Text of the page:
[Debbile] It’s so old school to cook. Even if you say, okay, fine, whatever, just go to wherever you want. You still have to talk about the future medical issues they’re going to face. I mean, basic things. People don’t want to talk about the reality, you know— what’s your heart going to look like in 20 years, Hun? So when we skip over into other, possibly more controversial topics as it gets to maybe if we move over to comprehensive sex education, my concern is that we are raising kids in a culture of death.
And in Oregon, I know we sent that. It’s beyond the pale, and it’s teaching kids—and it is from the Oregon Department of Education all the way up—we are not anti-education our, our particular group, we are pro education. We love the thought of having kids be able to go to school and really come out feeling like they’re alive and they can achieve and they can just blow through gaps, and pass tests, and do amazing at these things. But these poor kids are watching their friends die from suicide rates, and it’s so sad.
[Heidi] Well, we’re not even educating kids anymore. Really. Our schools are filled with activists. It’s a lot of activism and we’ve talked about this dozens and dozens of times. I’ve had multiple guests on here, including yourself, who are witness to the indoctrination that’s happening of our kids. And I think one thing that we can do as parents is to go beyond sounding the alarm and sayingæ actually, no, we’re not going to let you do this anymore. Because, as we’ve said many times on the podcast— silence is consent. And so if we don’t get involved, if we don’t say, hey, this isn’t okay. If we’re not willing to stand in the fray, if we’re not willing to stand up. Because really in Oregon, and I love Oregon, I grew up in Oregon. I graduated from Portland Christian. I Love Oregon. My heart beats for Oregon. Oregon’s on fire.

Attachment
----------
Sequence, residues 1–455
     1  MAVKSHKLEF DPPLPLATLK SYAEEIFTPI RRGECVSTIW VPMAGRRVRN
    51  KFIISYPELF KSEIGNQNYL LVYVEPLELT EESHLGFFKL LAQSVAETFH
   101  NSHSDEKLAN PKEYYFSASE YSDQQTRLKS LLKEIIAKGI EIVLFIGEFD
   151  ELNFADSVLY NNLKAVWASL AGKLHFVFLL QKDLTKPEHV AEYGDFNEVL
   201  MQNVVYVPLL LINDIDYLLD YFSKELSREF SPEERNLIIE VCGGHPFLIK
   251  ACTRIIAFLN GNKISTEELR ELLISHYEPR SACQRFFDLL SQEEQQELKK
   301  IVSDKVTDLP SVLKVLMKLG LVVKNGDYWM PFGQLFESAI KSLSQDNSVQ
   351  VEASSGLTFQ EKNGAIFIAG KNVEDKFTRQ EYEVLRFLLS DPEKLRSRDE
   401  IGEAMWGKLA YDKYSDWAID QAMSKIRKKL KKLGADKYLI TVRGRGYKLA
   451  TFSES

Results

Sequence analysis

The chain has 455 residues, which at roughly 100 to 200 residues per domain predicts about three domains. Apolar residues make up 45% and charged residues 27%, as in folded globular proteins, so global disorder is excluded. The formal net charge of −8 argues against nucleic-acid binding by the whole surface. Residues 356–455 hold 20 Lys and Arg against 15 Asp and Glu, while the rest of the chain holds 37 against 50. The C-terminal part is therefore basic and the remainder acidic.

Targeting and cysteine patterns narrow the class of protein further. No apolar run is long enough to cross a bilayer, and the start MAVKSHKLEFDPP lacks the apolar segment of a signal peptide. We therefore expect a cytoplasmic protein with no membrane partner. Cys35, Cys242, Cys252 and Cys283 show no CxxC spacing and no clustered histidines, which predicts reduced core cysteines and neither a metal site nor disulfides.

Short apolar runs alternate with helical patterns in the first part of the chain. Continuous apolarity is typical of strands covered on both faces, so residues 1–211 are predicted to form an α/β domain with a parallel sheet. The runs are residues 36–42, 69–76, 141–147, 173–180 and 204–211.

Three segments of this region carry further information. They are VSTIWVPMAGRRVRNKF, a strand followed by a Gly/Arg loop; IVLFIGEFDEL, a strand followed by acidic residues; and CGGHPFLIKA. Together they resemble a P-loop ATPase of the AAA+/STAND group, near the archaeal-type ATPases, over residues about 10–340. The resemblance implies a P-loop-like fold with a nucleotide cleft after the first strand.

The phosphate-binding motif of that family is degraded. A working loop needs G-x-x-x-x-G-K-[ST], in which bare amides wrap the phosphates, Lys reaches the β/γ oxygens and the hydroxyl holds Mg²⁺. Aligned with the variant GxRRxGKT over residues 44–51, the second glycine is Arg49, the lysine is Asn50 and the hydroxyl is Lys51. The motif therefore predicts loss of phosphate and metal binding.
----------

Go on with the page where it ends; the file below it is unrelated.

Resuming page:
Spiritually, it’s on fire. Financially, for goodness sake, like Kate Brown is— hello! We need a new Oregon Governor stat. Like right now, can we just drop one in? Nope. It’s gonna take awhile. But it’s happened because people don’t vote. People don’t get out there. I’ve seen Christians— one of the things I love about you is that you obviously, I mean your husband’s a pastor, you guys are very involved in ministry and have been all of your lives. And you’re saying these things matter. How about we don’t relegate ourselves to church? How about we don’t relegate ourselves to just talking about this with our kids in our home, but actually get out and impact the culture.
[Debbie] Right. And Brett is just so good about—if you build up the people, then the people are built up and can go out and do what Jesus said. Go and make disciples.
[Debbie] So his focus, his job, and it will not change—verse by verse, chapter by chapter, book by book. That is his goal. Where I step in as a pastor’s wife, and I told them this just a couple of days ago—I said, you know what? I think my primary calling for the rest of my life now is to ensure that you do not go to jail for doing your job.